Sixty Years under a Mushroom Cloud

Wednesday, 15 November 2006, 11:30 p.m.

The following piece was first published in the Alamogordo (N.M.) Daily News on Sunday, October 14, 1984, p 16-a.

A trek to trinity: reflections

by Tom Seddon

“We weren’t really prepared … ,”admitted Robert Krohn, searching for words to express what he had experienced nearly 40 years ago in the pre-dawn vastness of the Jornada del Muerto.  At 5:30 a.m. Mountain War Time, July 16, 1945, an intense flash of light as brilliant as the desert’s sun in high summer signaled the detonation, and immediately, a red, writhing ball of flames sprouted from the desert, quickly fading to the billowing clouds of a dull grey mushroom.

Mr. Krohn remembers, “It was a thrilling moment,” but reveals that his most memorable feelings, mingled with awe and shock, were those of relief that the device actually worked!  Mr. Krohn, then a very junior physicist, all of 25 years old that summer of 1945, was speaking at the annual Trinity Site Open House, Saturday, Oct. 6, 1984.  He shared the platform, a flat bed Army trailer placed adjacent to the pylon of lava rock marking Ground Zero, with a full-size mock-up of the weapon that destroyed Nagasaki less than a month after the test; the weapon whose lethally successful design was so awesomely verified at Trinity Site.

Mr. Krohn reminisced, and his audience of hundreds of sightseers was attentive and responsive.  He told of an accidental bombing of base camp by planes from Alamogordo Air Base, of eating antelope steak, and of the terrifying lightning storm the very night of the test.  The crowd listened, strolled around the broad, shallow crater, still lettered with curious green, fused globules of sand, and photographed each other standing in front of the Ground Zero plaque.  But the crowd was generally, perhaps surprisingly, quiet and subdued.

“Why do people come here?” someone asked Mr. Krohn.  “I don’t know,” he replied, “I have memories here, but why they come here, I don’t know … “ Undoubtedly some came of sheer curiosity, perhaps hoping to add “Trinity Site” to a line of decals on their RV windows.  But some, in the same spirit as this reporter, came in quest of feelings, to taste and smell as well as to view, to immerse oneself in memories and impressions of the actual spot, hoping to transcend time itself, to touch another age, and by reliving, re-feeling those days almost 40 years ago, to experience what was experienced, so as never to forget.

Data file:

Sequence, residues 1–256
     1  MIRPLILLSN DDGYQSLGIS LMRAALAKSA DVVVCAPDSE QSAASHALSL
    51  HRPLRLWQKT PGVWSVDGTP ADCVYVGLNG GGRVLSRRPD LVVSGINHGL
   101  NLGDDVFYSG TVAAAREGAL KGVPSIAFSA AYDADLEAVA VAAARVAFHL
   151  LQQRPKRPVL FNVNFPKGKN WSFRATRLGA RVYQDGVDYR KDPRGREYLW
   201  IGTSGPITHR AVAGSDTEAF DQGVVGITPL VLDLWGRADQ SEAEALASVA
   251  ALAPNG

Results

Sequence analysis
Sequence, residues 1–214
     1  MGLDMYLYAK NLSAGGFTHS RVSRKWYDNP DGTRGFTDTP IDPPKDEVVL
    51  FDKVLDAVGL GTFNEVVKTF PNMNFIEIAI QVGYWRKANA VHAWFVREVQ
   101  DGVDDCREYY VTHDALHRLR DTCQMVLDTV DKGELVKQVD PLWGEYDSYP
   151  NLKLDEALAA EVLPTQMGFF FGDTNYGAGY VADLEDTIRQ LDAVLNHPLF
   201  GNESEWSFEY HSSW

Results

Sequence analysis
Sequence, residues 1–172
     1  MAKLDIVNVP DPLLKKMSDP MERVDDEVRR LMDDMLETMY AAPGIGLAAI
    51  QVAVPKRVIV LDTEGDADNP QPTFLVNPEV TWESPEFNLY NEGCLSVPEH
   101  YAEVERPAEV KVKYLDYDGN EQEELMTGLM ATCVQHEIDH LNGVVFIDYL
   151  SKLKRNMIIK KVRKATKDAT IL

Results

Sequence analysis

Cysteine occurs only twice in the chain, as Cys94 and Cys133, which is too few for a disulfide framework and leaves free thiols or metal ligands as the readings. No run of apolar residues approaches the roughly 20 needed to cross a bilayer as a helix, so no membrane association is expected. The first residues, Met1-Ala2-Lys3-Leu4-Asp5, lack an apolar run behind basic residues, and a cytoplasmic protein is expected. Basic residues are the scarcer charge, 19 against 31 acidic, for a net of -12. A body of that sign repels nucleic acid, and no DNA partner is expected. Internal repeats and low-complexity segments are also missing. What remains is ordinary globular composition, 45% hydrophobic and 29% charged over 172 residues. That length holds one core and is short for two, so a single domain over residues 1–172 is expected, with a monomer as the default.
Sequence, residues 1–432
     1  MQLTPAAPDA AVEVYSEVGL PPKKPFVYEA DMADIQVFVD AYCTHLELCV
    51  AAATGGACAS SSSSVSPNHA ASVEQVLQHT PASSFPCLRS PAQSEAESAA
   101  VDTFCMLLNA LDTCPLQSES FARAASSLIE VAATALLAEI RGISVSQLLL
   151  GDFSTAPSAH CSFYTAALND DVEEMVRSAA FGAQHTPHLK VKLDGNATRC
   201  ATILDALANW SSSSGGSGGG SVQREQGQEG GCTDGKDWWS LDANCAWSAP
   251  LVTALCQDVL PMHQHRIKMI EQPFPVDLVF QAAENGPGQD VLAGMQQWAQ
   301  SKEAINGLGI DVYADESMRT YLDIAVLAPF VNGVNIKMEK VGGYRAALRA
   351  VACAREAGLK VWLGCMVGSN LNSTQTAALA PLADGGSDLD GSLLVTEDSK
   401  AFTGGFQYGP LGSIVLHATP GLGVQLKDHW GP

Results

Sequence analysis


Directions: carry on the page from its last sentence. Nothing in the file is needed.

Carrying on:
Paramount in this task of recapturing the past, of glimpsing images, was the trip through the McDonald Ranch house, meticulously restored by the National Park Service to its appearance the night of the test.  Attention to details such as a section of the hand thrown plaster being missing thus exposing the adobe, the missing length of porch railing, the hastily daubed warnings in white paint on the door to the “clean room” in which the actual bomb core was assembled heightened the atmosphere.  Gen. Niles Fulwyler, Commander of White Sands Missile Range, is to be congratulated for initiating the restoration work while salvage was still possible.  He has saved a bit of our past, a bit of us.  Either strolling the grounds, examining the broken-down Chicago Aeromotor windmill (which was already broken-down in 1945) or admiring the delicate plaster decoration inside or contemplating the contrast of greasewood scrub landscape with the Victorian tracery of a wrought iron gate allows us to feel we were there, participants in history.

Despite the sympathetic support of the setting, however, we can never hope to recapture the sense of the times that made the use of such dreadful weapons inevitable.  We cannot recapture the four years of hardship, of suffering, of fear, uncertainty and death, and because of this limitation younger generations will always ask, “Why did they go ahead; why not a demonstration first?”  No, without having lived it we cannot really understand, but we can sympathize.  Despite the temptation to seek a morality of hindsight, we must admit that the bomb once built had to be used, and to be used against a military-civilian target best suited to its destructive capability.  Thus, the war ended.

Agreeing to the political-military necessity of using the bomb, once built, begs the question, “Why did we have to build it, anyway?”  Addressing himself to the question of the social responsibility of scientists, Mr. Krohn avoided the platitudes of “taming the genie we had let out of the bottle” and was refreshingly candid.  “If the bomb could be built,” he said, “it had to built by us.”  Can one imagine a history in which only Hitler worked on a Bomb, and was successful, or only the Japanese, hard-pressed and driven back to their home islands?  What if the Japanese did have a Bomb, would we have used ours?  Probably not, and on just such a standoff, the fate of our civilization rests today.

“Probably, the best thing that could have happened,” Mr. Krohn concluded, “was that it couldn’t be built.”  But it could be built, and he is right, of course, once it was possible, we had to build it, had to use it.

(EDITOR’S NOTE:  Tom Seddon was graduated from Alamogordo High School in 1962 and went on to major in physics at M.I.T.  He also holds master degrees in science education from Cornell and in theology from Episcopal Divinity School.  He currently is a science instructor at Mid High in Alamogordo.  He will write periodically on science subjects for the Alamogordo Daily News.)

Words! Mere Words! Was there anything so real as words? - Dorian Gray